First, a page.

I think about Benji and I weep.
The Christian Science Monitor reports on the training of potential guards in Uganda:
As President Barack Obama announces plans to withdraw US troops from Iraq, thousands of young Ugandans are increasingly desperate to be sent to the war-torn country. Already, the Ugandan government says there are more than 10,000 men and women from this poverty-stricken East African nation working as private security guards in Iraq. Hired out to multibillion-dollar companies for hundreds of dollars a month, they risk their lives seeking fortunes protecting US Army bases, airports, and oil firms.
The war in Iraq is the most privatized conflict in history. Since the invasion in 2003, the US Department of Defense has doled out contracts worth an estimated $100 billion to private firms. Covering a vast range of services from catering to dry cleaning to security, one in every five dollars the US spends in Iraq ends up in the pockets of the contractors, according to a report by the Congressional Budget Office. Increasingly these jobs have been outsourced to developing countries.
… hiring Ugandans is cheap. Since the first Ugandans were sent to Iraq in late 2005, competition from other developing countries in Africa and the Indian subcontinent has seen the government cut the minimum wage from $1,300 to $600 a month. That compares with the $15,000 that one industry insider estimated an American guard could make each month. Nevertheless, competition is fierce, and for those Ugandans who land a job, Iraq can prove a bonanza.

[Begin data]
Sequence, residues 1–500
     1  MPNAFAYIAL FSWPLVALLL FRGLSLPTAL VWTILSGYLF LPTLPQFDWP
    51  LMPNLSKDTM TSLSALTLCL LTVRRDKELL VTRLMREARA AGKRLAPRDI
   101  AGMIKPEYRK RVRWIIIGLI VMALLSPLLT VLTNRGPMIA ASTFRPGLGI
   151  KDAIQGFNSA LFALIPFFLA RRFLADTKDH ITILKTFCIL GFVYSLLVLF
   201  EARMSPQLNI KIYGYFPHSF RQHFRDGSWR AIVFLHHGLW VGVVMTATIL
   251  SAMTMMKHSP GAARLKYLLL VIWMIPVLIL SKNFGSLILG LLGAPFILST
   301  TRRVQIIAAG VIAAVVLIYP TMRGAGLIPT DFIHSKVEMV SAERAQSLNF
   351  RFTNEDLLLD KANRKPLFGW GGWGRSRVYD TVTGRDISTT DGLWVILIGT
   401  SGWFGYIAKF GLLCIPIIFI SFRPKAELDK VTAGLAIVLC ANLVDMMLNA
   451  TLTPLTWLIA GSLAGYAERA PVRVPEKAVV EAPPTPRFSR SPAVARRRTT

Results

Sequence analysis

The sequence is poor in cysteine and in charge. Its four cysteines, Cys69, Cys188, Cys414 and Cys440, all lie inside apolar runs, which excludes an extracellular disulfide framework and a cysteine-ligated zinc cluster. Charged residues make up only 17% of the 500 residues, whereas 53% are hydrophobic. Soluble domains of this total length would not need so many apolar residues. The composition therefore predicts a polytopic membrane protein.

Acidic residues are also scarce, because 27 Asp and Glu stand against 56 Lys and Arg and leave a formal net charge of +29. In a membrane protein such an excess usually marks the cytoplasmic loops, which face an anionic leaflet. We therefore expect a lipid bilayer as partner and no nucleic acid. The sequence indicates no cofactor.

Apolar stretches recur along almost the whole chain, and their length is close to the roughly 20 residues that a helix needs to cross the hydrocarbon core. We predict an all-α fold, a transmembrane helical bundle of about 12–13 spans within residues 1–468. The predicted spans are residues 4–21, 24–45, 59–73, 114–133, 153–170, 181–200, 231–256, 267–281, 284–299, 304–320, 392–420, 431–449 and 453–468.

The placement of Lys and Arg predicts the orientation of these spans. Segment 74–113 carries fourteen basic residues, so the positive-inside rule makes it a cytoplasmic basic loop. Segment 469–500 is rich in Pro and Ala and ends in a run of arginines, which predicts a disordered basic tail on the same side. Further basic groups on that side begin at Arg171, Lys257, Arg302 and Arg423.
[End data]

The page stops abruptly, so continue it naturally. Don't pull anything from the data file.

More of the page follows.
Discussing one Ugandan guard, who has built himself businesses back in Uganda from his Iraq pay:
… the fact that he is putting his life on the line to help US companies make massive profits is not lost on him. “If I am earning $600 a month and these companies are making billions, it is not fair,” he says.
For Uganda, however, another country’s war on a continent far away has proved to be lucrative. “The Iraq opportunity brings in about $90 million dollars, whereas our chief export, which is coffee, brings in around $60 or $70 million a year,” says the former state minister for labor, employment, and industrial relations, Mwesigwa Rukutana, now minister of higher education. That figure is mostly made up of remittances.
But domestic criticism has been fierce, with some equating the system to human trafficking or slavery. Reports of abuse, ranging from poor conditions and changeable contracts to sexual assault, have appeared in the media.
And what will happen to Uganda when all these experienced soldiers bring their battle hardened expectations back to Uganda. The country may be sitting on a time bomb, as Charles Onyango Obbo wrote about in Iraq war could end up on Museveni’s doorsteps. And the potential for political conflagrations is far greater with the recent discovery of oil.
It is smarter to make friends than enemies, it gives you more options. If the US wants to make friends, and to keep the friends it has in Africa and elsewhere, it needs to examine its policies with care. An ethic of squeezing every possible penny out of everyone is very short term thinking for the long term interests of a country. A culture that encourages agents to view themselves as being above the law is guaranteed to make enemies. If the State Department wishes to engage in credible diplomacy, it needs to clean its own house, and practice some oversight and accountability at home.